Most shotguns with 18 to 20-inch barrels have a plain ol’ cylinder bore with no choke. Is that a problem? There is some debate about whether defensive style shotguns loaded with buckshot can even benefit from choke tubes. We fired some test patterns to find out. Like… a whole bunch of ’em. Four different buckshot loads, four different choke sizes at five-yard increments from five to 25 yards.

Details are in the video below, or scroll down to read the full transcript.

Hey everybody, I’m Chris Baker from Today, I’m going to talk about using choke tubes in home defense shotguns. We shot a bunch of buckshot with different choke sizes to see what kind of patterns we would get. We’ll look at those results in just a minute. First, a quick introduction to chokes for those who might be new to this topic.

What Are Shotgun Chokes?

Most shotguns that are made for defensive use or law enforcement have what’s called a cylinder bore or open choke. That means the inner walls of the barrel are straight all the way down. If your shotgun has an 18 to 20-inch barrel, it’s probably a cylinder bore.

There are exceptions, like the newer version of the Beretta 1301 Tactical which is threaded at the inside of the muzzle to accept screw-in choke tubes. Some shorter barrels even come with a fixed choke. In either case, a choke simply means the inner walls of the last couple of inches of the barrel are tapered inward slightly. This funnels and constricts the shot as it exits the barrel to give you a tighter and denser pattern on target.

Chokes are most often used on shotguns for hunting or shooting clay targets, but there’s no reason a defensive shotgun can’t have chokes, too.

Threading A Shotgun Barrel For Choke Tubes

If your shotgun has a plain cylinder bore and the metal is thick enough, you can usually have a gunsmith thread it to accept choke tubes. Or you can buy or rent the tools and attempt to do it yourself. That’s the route I took with the Winchester 120 Ranger shotgun that I showed you guys a few weeks ago. When I cut down the barrel to make it more suitable for home defense, that removed the part that was threaded for choke tubes. So I decided to continue the DIY experiment and rent the choke threading tools from

I would not recommend attempting this yourself if you don’t know what you’re doing. I didn’t really know what I was doing, but I was willing to accept the risk of potentially ruining a barrel for the sake of video content.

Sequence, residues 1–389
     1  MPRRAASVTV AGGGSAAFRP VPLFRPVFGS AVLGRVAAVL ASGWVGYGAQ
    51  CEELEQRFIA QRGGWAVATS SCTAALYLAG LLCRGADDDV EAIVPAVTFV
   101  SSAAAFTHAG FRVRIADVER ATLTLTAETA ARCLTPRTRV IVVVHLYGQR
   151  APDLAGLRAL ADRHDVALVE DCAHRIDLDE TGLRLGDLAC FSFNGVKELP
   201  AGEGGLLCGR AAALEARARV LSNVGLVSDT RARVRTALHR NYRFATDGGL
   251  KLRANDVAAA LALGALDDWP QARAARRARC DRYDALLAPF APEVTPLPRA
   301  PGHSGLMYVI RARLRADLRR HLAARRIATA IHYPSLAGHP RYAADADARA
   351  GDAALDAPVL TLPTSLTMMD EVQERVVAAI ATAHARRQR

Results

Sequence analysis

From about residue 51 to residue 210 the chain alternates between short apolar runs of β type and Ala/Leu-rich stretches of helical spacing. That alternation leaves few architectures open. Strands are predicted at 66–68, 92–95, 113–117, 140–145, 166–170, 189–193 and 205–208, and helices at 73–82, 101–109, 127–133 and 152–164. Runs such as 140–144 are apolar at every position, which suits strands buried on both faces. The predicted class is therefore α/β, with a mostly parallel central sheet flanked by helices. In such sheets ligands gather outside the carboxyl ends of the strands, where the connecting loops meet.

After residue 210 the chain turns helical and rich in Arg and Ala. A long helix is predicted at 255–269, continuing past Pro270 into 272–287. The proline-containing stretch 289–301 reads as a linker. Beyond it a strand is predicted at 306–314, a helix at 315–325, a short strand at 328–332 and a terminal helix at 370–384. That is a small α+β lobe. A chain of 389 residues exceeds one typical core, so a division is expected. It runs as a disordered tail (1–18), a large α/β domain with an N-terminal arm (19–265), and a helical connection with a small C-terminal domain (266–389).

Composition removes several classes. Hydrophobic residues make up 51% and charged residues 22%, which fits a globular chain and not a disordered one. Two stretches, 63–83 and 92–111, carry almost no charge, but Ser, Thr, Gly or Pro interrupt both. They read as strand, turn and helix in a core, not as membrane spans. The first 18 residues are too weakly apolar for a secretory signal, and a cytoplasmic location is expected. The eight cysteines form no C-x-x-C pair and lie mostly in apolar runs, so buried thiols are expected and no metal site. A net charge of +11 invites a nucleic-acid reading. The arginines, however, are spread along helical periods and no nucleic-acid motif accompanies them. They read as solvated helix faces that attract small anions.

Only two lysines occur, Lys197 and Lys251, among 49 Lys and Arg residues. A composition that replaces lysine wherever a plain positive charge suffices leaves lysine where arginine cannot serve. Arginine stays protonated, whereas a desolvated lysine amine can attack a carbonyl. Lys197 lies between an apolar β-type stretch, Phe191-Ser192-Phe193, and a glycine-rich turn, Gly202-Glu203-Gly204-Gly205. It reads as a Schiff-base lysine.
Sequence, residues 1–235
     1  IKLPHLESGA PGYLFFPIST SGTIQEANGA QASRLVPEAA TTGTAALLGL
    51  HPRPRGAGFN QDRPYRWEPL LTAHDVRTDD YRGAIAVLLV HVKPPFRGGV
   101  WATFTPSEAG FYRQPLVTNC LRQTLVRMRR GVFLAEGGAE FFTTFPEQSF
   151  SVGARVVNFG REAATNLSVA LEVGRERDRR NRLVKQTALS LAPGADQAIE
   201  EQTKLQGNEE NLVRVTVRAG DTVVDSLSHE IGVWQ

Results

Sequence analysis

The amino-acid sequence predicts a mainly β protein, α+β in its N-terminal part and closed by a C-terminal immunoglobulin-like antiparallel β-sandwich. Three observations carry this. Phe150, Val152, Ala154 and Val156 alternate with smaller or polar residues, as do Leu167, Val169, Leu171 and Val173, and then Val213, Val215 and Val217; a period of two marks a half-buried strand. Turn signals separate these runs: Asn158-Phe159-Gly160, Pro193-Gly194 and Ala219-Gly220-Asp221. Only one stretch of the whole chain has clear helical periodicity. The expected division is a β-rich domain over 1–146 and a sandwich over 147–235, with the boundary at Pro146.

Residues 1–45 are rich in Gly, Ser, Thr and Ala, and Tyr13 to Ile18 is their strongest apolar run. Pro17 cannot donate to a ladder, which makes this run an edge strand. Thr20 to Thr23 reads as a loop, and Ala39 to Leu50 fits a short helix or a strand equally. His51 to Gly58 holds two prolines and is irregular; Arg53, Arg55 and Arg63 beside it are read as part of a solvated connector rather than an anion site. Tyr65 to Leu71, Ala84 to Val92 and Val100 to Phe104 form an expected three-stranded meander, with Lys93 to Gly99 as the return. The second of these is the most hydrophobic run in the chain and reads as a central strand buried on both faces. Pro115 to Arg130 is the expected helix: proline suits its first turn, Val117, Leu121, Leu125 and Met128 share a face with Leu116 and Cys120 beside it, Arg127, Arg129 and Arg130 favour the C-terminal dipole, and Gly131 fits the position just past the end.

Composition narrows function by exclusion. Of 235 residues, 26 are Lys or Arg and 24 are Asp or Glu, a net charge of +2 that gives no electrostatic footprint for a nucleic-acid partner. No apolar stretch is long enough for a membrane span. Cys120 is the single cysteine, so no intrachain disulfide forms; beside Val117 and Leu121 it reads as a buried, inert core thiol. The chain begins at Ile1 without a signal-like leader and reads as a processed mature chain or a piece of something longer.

That said, it’s a fairly simple process. You just ream out the end of the barrel with one tool and then thread it with a tap. Ideally, you would put the reamer on a lathe. I don’t have a lathe, so I used a power drill. That worked fine eventually, but it was a pretty tedious process to figure out just how fast to turn the drill and how much pressure to put on it.

The cost of the tool rental, plus some cutting oil, plus shipping back and forth was about $100. Most gunsmiths will not charge a whole lot more than that to do the same thing, only better and faster. So if you’re only doing one barrel, the DIY rental option might not be ideal.

Choke Tubes for Home Defense

Okay, so we’ve got a shotgun here that’s setup for home defense and now it’s threaded for choke tubes. How does that help us?

shotgun choke tube
A screw-in style choke tube

For home defense, we usually use buckshot and ideally, we use buckshot with a fairly tight pattern. I don’t want to get too much into the why behind that because I’ve covered that in other videos. Basically, buckshot is more effective if all the pellets impact close together. There’s also the issue of shot accountability. We don’t want stray pellets flying off a foot away from our point aim so they can hit someone other than our intended target.

I’ve always been a fan of Federal Flite Control buckshot. It has a special wad that holds the pellets together so that, even without chokes, you get a much tighter pattern than any other buckshot. But with demand for ammo being so high the last couple of years, Flite Control has been really difficult to find. We finally got a shipment a few days ago for the first time in forever. By the time you’re watching this, I would not be surprised if it’s sold out already. So for the time being, you might have to settle for some buckshot other than Flite Control.

You could also load up your shotgun with slugs. There’s some evidence that buckshot might be more effective than slugs at close range. Some slugs are prone to severe over-penetration. But if you choose your slug load carefully, it can be a viable option.

If you want to stick with buckshot, the general rule of thumb I’ve always heard is that chokes can help reduce your pattern, but if your choke is too tight, it can deform the pellets so that they don’t fly straight and you actually get a bigger pattern. I did a quick demo of this a couple of years ago in our two-part series about buckshot. But I wanted to revisit this idea and do a more in-depth test.

Choke Tube Buckshot Test

We used four different choke sizes including the cylinder bore. Choke sizes are designated by names that can be kind of confusing if you don’t have them memorized. We used an improved cylinder choke, a modified choke, and a full choke. There are tighter choke sizes intended mostly for birdshot only. There are also sizes in between these, but we tried to pick the most common chokes.

We patterned four different buckshot loads with each choke at five-yard increments from five to 25 yards. We’re going to focus on the 15 to 25 yard patterns. You nearly always get a fist-sized pattern when you’re only five yards away. At 10 yards, there’s some variation in pattern size, but almost any load will perform acceptably at that distance. Regardless of load or choke size, all of our patterns at ten yards were between three and seven inches.

For a lot of you, this might be the end of the story. Based on how your home is laid out, you might not have any line of sight that’s longer than ten yards. I still think there’s value in knowing how your shotgun can and does perform at longer ranges. But we’ll leave it to you to decide whether this 15 to 25-yard data is relevant to your situation.